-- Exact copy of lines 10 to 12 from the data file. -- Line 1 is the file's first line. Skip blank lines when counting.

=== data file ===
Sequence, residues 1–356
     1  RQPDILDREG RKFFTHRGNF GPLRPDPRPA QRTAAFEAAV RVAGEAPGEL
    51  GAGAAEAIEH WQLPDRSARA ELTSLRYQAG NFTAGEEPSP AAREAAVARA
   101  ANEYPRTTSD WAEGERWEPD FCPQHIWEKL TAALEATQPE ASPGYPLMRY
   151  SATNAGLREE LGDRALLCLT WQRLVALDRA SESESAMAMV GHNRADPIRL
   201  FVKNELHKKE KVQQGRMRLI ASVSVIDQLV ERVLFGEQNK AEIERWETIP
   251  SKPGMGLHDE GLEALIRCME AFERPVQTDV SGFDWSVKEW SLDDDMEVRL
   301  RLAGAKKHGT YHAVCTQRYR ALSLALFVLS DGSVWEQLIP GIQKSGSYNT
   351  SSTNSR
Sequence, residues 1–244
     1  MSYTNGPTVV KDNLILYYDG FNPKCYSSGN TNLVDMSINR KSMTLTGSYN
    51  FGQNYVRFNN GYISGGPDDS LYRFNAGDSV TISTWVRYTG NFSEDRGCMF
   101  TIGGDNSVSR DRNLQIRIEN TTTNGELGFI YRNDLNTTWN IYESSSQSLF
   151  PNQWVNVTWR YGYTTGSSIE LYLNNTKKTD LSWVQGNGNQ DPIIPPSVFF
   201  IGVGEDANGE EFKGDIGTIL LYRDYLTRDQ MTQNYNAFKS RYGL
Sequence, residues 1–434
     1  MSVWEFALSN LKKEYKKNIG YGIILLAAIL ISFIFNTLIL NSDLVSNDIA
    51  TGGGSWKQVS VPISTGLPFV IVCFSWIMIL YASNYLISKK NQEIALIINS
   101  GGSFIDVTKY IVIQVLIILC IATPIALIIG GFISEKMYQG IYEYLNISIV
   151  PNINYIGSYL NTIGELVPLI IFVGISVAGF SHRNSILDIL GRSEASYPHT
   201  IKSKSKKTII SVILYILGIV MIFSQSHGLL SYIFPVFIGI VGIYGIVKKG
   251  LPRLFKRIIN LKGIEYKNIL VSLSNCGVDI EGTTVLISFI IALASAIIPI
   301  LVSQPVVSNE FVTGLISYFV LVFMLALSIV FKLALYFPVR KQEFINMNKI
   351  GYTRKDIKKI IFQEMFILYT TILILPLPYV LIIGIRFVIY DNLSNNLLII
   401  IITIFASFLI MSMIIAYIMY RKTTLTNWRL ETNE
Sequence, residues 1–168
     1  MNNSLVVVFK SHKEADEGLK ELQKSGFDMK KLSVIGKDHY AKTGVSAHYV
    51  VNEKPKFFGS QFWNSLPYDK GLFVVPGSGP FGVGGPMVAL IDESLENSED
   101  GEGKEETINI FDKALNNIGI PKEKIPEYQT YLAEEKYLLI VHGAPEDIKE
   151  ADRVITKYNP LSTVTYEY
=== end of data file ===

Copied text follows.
Sequence, residues 1–244
     1  MSYTNGPTVV KDNLILYYDG FNPKCYSSGN TNLVDMSINR KSMTLTGSYN
    51  FGQNYVRFNN GYISGGPDDS LYRFNAGDSV TISTWVRYTG NFSEDRGCMF